[EM] SD & the defensive strategy criteria

MIKE OSSIPOFF nkklrp at hotmail.com
Tue Mar 20 19:41:18 PST 2001

```
> > Say there are 3 candidates, and your favorite comes in "middle" in
> > the Approval count. Your favorite is B.
> >
> > B is sincere CW--is preferred to both A & C by more voters than
>vice-versa.
> > A pairwise beats C.
> >
>
>If B is the sincere CW under Condorcet, then she will win in Approval
>Seeded SP, at least my version. Whether B starts in the middle or the
>bottom of the seeded list, she will win every pairwise comparison all of
>the way to the top.

Certainly, if B is the _voted_ CW. But B could be the sincere CW
without being the voted CW. If the A voters truncate, and don't
vote B over C, then they can allow C to beat B, even if B is sincere CW.
Then B is out of the election.

And if A voters actually order-reverse against B, voting C over B,
then likewise they can make C beat B, even if the C voters strategically
refuse to vote C over B. C voters, in order to save B, could then have
to vote B over C, in violation of WDSC & FBC.

Either way, it's then between A & C, and A beats C under sincere
voting (by assumption). I could write an example in which the B voters then
can't prevent A from winning without insincerely voting C over A.

> > The Approval finishing order is
> > A, B, C. Some A voters truncate in the BC election. So, even though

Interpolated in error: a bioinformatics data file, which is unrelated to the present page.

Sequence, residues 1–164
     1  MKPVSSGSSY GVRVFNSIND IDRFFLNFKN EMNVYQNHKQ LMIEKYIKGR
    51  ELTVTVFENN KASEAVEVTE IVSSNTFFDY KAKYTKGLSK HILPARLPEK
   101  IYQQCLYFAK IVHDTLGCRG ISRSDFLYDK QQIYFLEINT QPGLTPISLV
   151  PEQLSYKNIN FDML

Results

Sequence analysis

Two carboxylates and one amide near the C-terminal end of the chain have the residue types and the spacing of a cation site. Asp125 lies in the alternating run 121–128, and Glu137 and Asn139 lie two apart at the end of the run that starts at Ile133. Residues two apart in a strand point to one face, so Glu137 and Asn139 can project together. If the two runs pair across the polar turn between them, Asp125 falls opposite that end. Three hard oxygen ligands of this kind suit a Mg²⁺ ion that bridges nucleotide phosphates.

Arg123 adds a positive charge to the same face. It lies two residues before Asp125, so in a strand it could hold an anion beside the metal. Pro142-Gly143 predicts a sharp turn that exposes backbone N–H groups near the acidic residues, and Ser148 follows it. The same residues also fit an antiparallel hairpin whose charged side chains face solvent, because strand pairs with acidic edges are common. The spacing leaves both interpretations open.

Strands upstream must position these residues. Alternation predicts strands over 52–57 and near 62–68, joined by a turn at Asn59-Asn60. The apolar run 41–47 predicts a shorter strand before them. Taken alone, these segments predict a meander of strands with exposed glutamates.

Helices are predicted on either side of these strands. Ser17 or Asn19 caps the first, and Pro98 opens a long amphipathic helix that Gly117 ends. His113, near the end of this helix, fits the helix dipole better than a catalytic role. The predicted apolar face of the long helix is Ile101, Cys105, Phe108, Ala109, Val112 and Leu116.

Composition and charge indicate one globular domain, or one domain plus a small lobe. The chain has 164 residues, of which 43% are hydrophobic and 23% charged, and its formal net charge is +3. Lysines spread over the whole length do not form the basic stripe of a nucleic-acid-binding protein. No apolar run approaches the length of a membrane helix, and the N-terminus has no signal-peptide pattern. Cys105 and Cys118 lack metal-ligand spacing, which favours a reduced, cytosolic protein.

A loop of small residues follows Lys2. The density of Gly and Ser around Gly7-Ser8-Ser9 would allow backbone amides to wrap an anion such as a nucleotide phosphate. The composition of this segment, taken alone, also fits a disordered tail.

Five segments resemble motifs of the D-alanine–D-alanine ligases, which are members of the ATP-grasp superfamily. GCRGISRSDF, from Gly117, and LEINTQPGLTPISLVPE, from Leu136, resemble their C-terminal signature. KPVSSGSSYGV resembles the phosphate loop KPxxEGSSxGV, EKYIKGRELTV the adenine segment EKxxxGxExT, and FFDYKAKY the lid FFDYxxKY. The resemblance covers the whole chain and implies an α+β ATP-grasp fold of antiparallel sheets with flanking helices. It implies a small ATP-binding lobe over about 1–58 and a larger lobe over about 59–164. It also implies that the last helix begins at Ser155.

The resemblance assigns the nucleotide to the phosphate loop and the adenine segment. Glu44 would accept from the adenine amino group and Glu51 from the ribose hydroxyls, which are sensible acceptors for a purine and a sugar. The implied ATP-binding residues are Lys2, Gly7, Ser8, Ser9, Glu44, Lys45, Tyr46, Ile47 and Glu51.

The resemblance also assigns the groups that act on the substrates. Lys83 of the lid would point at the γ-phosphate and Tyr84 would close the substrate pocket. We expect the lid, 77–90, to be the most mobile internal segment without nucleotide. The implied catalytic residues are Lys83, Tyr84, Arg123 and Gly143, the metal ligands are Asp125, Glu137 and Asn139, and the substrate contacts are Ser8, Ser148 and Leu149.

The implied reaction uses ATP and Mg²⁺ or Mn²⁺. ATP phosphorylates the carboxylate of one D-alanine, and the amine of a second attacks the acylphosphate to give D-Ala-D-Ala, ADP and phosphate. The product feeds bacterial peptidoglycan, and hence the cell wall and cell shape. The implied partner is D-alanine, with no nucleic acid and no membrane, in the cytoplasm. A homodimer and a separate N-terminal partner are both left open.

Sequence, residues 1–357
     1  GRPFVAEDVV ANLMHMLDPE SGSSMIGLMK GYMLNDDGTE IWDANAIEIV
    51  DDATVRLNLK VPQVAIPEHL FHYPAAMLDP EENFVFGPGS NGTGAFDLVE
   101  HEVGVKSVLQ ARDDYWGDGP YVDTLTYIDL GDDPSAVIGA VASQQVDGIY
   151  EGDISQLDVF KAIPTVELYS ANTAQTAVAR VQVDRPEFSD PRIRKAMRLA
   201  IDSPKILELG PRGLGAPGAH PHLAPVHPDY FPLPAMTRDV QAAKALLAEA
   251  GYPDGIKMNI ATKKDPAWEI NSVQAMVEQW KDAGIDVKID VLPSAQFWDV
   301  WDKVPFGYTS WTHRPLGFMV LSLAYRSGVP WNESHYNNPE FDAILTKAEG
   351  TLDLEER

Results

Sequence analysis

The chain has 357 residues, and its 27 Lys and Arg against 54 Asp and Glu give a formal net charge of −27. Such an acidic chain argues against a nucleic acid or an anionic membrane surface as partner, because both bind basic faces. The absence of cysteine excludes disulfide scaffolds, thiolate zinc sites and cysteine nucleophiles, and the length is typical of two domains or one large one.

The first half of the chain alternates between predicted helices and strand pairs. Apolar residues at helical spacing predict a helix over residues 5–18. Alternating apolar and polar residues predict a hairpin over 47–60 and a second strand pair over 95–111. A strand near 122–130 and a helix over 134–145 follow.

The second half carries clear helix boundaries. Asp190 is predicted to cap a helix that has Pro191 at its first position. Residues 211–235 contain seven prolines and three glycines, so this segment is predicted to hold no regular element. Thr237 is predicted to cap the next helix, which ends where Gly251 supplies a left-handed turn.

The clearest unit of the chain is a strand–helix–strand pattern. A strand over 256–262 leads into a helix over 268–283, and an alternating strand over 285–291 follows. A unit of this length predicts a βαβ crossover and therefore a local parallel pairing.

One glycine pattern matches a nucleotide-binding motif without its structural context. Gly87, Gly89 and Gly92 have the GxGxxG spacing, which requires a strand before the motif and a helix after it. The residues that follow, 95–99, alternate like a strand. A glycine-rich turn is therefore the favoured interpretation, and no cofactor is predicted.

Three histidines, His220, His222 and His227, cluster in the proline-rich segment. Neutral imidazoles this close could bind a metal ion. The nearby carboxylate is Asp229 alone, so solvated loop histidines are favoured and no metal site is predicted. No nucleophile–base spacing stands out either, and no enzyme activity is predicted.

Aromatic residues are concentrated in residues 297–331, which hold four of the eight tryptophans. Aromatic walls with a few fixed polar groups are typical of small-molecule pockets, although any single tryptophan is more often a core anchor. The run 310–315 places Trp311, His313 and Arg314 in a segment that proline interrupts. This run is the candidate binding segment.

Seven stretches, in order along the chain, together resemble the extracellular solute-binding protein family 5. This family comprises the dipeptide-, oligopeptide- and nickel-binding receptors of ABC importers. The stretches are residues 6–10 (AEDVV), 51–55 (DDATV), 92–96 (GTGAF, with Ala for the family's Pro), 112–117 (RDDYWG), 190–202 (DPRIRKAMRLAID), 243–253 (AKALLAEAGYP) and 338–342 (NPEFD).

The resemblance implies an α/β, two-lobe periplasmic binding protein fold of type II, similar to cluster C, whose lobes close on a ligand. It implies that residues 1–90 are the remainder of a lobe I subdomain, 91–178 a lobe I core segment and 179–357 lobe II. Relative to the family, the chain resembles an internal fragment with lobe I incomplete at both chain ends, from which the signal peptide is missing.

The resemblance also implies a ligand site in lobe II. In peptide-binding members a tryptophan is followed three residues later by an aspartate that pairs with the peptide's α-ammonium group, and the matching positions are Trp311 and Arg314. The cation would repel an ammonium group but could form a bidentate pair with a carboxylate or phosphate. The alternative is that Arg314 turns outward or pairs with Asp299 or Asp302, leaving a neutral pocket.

> > B is sincere CW, B loses to C.
> >
> > When C goes agains A, A wins.
>
>In my version, A loses to B, so A stays at the bottom and is never
>compared to C.

But I'm saying the Approval finishing order is A, B, C. So the 1st
contest is between B & C. An example can be written in which truncation
or order-reversal by some A voters can allow or cause C to beat B, even
though B is sincere CW.

I admit that SFC, GSFC, FBC, & WDSC aren't criteria that you'll find in
journal articles, and so you might say that Approval-Seeded SD's
violation of those criteria isn't important. Not in the academic world.
But voters are very concerned about the lesser-of-2-evils problem, and
majority rule is a popular standard. I claim that the defensive strategy
criteria are the ones that best measure for both of those standards.

I should add the disclaimer that it's always possible that I don't
understand the method, or am making some other error. But it seems to
me that those criteria aren't met by that method.

those criteria aren't used in the academic world, but I claim that
they're about things that are important to voters.

In a meeting, when there's no computer, and a handraising vote is
desired, and there isn't time for any pairwise-count method,
then Sequential Pairwise isn't a bad solution, provided that people
are vigilant about order-reversal, and willing to retaliate against it
on a subsequent vote involving the reversers' alternative.  Approval
is a good way to seed SD. A quicker way is to write the alternatives on
the blackboard, in a vertical list, and flip a coin to decide whether to
start from the top or the bottom of that list.

Myself, I'd much rather use Approval than SD in a meeting, however,
because Approval is such a good public elections proposal that I'd want to
demonstrate Approval in the meeting.

Mike Ossipoff

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